C/O McMaster Baseball
After a major collision, two varsity athletes have faced months of recovery time
The 2021 season was supposed to be a good one for the Marauders baseball team. They had championship aspirations on their mind and a team with a chance to do it, featuring the reigning Cy Young winner (awarded to the best pitcher in the league), Julian Tymochko, the reigning (and now back-to-back) most valuable player, Nik Motruk, the 2021 rookie of the year, Josh Kalmin and four players who would be named to the 2021 all-star team.
Having finished with an OUA silver, many would suggest the season to be near perfect, but a major collision changed the whole story.
On the weekend of the qualifiers, McMaster needed to win just two games to secure a spot in the playoffs. Oct. 9, the first day of games, was not what they expected when they lost both games. They would eventually win both games on Oct. 10 to earn their spot in the playoffs and many of the team members credited a newfound motivation after a very scary moment in their second loss.
It was a standard baseball play; a shallow fly ball to left. Left fielder Mark Zanette ran in, attempting to get to the ball before it dropped. Shortstop Nicolas Velocci, realizing just how shallow the ball was hit, began ranging back to make the play. With the ball in no man’s land, neither felt they had a clean play and when nobody called it, both ran at full speed to try and get there in time.
At the last moment, Velocci goes to make a desperation play, diving for the ball. Instead of making the catch, Velocci’s head would collide with Zanette’s knee, leaving both players with severe injuries.
“I went into a full on dive and everything from there on is just black. I don’t remember anything. I remember for a few seconds getting loaded onto an ambulance and that’s where it all hit me . . . I didn’t have time to gather my thoughts, but I knew that something was wrong. Seriously wrong,” said Velocci.
Following the play Velocci would lay there unconscious. Ambulances quickly made their way to the field, the first taking Velocci and a second (later arriving) to take Zanette, who soon realized he could no longer hold his weight.
“As the ball was about to hit my glove, I felt the impact on my knee. I did a flip in the air [before landing] and wasn’t really sure what happened . . . I think adrenaline was going, so I didn’t feel that much pain in the moment,” said Zanette.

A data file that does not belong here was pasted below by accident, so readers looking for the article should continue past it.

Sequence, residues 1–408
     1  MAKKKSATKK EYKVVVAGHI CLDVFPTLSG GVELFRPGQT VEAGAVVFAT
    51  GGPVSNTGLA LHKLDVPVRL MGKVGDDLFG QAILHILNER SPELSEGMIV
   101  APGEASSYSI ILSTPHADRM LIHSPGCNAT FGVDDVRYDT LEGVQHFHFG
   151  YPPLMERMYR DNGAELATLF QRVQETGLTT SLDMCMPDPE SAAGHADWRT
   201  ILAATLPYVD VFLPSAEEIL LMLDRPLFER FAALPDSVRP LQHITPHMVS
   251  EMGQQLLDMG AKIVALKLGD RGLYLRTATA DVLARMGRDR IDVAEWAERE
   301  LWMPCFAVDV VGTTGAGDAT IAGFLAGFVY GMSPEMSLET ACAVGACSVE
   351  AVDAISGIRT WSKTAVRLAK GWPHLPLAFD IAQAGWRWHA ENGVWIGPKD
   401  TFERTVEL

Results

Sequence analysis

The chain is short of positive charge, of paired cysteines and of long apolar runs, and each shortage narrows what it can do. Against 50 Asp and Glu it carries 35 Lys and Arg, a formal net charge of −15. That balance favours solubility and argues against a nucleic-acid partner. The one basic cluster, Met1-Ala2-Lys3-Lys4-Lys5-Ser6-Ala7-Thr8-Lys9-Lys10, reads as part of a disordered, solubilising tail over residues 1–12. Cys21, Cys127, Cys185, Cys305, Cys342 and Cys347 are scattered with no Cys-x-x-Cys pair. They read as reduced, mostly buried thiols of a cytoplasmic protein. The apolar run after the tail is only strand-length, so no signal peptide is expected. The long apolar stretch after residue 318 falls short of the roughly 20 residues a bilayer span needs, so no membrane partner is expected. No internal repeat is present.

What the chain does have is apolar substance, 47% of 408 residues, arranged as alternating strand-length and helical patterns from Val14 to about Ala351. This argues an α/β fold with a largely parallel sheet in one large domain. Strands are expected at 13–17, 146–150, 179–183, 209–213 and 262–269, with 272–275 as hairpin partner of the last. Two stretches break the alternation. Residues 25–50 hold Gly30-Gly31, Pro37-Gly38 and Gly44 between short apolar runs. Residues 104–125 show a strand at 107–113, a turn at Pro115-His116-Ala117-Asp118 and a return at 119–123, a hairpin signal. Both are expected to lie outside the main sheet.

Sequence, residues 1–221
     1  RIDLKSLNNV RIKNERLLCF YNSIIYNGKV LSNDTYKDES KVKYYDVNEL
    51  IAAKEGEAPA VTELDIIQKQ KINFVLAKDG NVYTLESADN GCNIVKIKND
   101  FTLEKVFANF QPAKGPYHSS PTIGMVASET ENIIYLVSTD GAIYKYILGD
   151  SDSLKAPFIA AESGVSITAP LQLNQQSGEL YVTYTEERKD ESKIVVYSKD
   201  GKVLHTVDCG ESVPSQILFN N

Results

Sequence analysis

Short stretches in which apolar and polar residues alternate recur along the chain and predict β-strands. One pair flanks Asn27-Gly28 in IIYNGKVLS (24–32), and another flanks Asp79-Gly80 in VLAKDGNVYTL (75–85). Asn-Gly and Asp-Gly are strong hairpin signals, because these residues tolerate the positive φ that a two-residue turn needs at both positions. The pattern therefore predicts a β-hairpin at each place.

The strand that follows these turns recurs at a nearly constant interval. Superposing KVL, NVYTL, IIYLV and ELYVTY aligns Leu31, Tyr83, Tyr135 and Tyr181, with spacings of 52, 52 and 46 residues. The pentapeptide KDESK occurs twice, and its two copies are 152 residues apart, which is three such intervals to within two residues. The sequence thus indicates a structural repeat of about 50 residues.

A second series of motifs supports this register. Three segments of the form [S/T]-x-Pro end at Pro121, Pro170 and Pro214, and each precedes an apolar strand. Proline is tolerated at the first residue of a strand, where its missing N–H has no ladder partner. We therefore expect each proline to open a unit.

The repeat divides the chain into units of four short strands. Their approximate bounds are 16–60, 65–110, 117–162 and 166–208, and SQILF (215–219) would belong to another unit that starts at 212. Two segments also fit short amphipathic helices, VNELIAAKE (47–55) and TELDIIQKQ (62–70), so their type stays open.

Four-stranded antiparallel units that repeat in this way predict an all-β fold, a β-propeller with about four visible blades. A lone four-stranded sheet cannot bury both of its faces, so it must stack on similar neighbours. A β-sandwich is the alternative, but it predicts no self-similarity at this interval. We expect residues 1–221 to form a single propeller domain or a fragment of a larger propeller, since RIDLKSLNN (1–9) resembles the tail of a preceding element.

Zanette originally believed that he was relatively unscathed and had gotten lucky. It was only after a few minutes that he would realize how badly he was injured.
The outfielder would later be diagnosed with an intermediate grade partial thickness tear of the ACL, a complete tear of the proximal PCL, a grade one MCL strain, a radial tear involving the posterior root of the medial meniscus, an impaction fracture at the medial femoral condyle and several other less significant injuries throughout his leg.
It has already been three months since the incident and, although Zanette has gone a long way, there is still a long path ahead with several more months of recovery.
“I avoided surgery, which helped a bunch. In terms of a [recovery] timeline, I’m not really sure . . . By the end of the school year, I won’t be back to normal, but pretty functional again,” said Zanette.
As bad as that may sound, Zanette may have actually gotten the better of the two. Zanette may have a longer recovery period, but Velocci had a much more difficult time thus far, with his site of injury being his head.
Velocci would incur fractures and breaks to his nose, jaw, orbitals and cheekbones, while also dealing with a concussion. He would spend 14 days in the hospital in a time when hospitals were trying to get people out as quickly as possible due to the pandemic.
In the recovery process Velocci would have his jaw wired shut with screws and elastics for three weeks, causing a 30-pound weight drop. He also needed a breathing tube inserted in his throat (tracheotomy) and went through two surgical procedures.
“I can say whole-heartedly that it was the biggest challenge of my life. In the beginning I didn’t even know if I was going to be alive — it was that big a shock to me. I remember asking the doctors while half out of it if I was going to live . . . It was traumatic,” explained Velocci.
Velocci described the early days of the injury with a very dark tone, elaborating as to just how terrible an experience it all was.
“It was bad. It was so painful that I kept passing out. I wasn’t even awake,” said Velocci.
Through the interview, Velocci continuously brought up the number 53. This was the number of days in which he called the recovery period. This is the timeline from the day it happened to the day he was finally able to function somewhat normally and unassisted.
He hopes to begin training with the team again before the winter is over as he is already doing much better and hopes to be fully recovered over the next month or so.
The event was very traumatic, not only for the players involved, but also for their teammates who witnessed it all. They would soon develop the hashtag #DoItForNicolasandMark, which helped inspire their playoff run.
The team would go back to the tournament after two losses, facing elimination and win both games to advance for their chance at a medal. In a past interview with the Silhouette, pitcher Josh Kalmin commented on the situation and how badly the team wanted to do it for their fallen teammates.
“Going back on that bus Sunday morning, we knew we were going to win. No one on our team ever said anything about [possibly losing]. We were going to do it for Nicolas and for Mark,” said Kalmin.
As badly as Velocci and Zanette wanted to be on the field, they were thrilled to see the success the team had. They both plan on a full return next season, where they will once again have their eyes set on the gold.